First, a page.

MUMBAI August 14- A diesel powered Indian submarine exploded and sank Wednesday in a Mumbai dock, killing an unknown number of 18 crewmen on board and setting back the navy’s ambitious modernisation drive.
The fully-armed INS Sindhurakshak, returned by Russia earlier this year after a major refit, is nose down in the water, with just a small part visible above the surface, the navy said.
The disaster is thought to be the worst for the Indian navy since the sinking of a frigate by a Pakistani submarine in 1971 and India’s defence minister described the explosion as the “greatest tragedy in recent time”.
“I feel sad about those navy personnel who have lost their lives in service of the country,” Defence Minister A.K. Antony told reporters in New Delhi without saying how many had died.
The blast came days after New Delhi trumpeted the launch of its first domestically produced aircraft carrier and the start of sea trials for its first Indian made nuclear submarine.
The world’s biggest democracy has been expanding its armed forces rapidly to upgrade its mostly Soviet era weaponry and react to what is perceived as a growing threat from regional rival China.
Grainy amateur video footage taken by a witness showed a fireball in the forward section of the Russian made INS Sindhurakshak where torpedoes and missiles are stored as well as the battery units.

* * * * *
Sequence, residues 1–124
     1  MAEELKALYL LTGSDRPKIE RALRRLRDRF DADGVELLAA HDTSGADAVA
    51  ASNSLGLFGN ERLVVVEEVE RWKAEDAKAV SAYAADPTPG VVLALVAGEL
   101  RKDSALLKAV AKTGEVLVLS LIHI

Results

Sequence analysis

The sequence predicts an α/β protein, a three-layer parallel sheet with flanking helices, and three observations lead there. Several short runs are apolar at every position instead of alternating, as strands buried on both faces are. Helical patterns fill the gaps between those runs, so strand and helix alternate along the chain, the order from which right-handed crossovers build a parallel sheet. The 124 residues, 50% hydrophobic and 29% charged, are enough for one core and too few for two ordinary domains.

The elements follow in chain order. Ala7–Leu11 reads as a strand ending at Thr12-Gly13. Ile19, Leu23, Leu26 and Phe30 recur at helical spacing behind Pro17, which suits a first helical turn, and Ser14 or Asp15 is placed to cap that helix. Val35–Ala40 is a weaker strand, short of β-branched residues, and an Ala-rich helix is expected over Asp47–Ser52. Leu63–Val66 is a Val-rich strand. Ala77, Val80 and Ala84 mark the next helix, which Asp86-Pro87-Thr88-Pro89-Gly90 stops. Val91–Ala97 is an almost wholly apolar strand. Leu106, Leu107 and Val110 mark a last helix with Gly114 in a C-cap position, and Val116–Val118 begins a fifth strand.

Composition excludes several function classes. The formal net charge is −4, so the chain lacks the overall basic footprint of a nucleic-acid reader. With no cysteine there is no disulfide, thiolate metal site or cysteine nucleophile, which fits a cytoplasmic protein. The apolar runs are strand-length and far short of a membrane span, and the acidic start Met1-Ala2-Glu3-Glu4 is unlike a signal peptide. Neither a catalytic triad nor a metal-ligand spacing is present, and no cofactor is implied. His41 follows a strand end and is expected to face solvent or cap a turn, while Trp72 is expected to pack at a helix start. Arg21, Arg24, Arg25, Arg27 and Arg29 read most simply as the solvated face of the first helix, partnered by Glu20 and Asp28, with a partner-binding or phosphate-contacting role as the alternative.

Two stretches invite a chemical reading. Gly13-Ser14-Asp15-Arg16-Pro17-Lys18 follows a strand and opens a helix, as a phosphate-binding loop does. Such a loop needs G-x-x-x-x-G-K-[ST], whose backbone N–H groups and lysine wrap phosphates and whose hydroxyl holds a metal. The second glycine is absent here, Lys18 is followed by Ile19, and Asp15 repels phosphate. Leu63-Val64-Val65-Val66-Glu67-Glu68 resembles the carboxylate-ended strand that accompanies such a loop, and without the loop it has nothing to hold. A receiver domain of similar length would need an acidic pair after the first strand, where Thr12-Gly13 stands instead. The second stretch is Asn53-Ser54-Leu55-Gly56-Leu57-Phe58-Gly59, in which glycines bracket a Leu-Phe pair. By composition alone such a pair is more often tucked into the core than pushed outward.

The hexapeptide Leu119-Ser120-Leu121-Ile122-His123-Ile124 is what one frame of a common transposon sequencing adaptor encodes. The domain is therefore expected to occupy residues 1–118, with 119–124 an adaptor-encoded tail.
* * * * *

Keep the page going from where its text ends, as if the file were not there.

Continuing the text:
“There were two to three explosions and the night sky lit up briefly,” said eyewitness Dharmendra Jaiswal, who works in a public toilet near the dockyard and was sleeping there overnight.
“There was a lot of smoke and I thought it was some major repair work,” he told AFP near the scene of the disaster on the southern tip of the Mumbai peninsula.
P.S. Rahangdale, an off duty firefighter who rushed to the scene, told a local television channel that the INS Sindhurakshak “was totally on fire” and was berthed next to another submarine.
“Because of timely intervention of my team and resources and navy’s resources we could save that second submarine,” he said.
The navy stressed that the cause of the explosion was not known and divers were working to enter the stricken hull of the vessel, which is resting on its nose on the seabed eight metres (26 feet) down.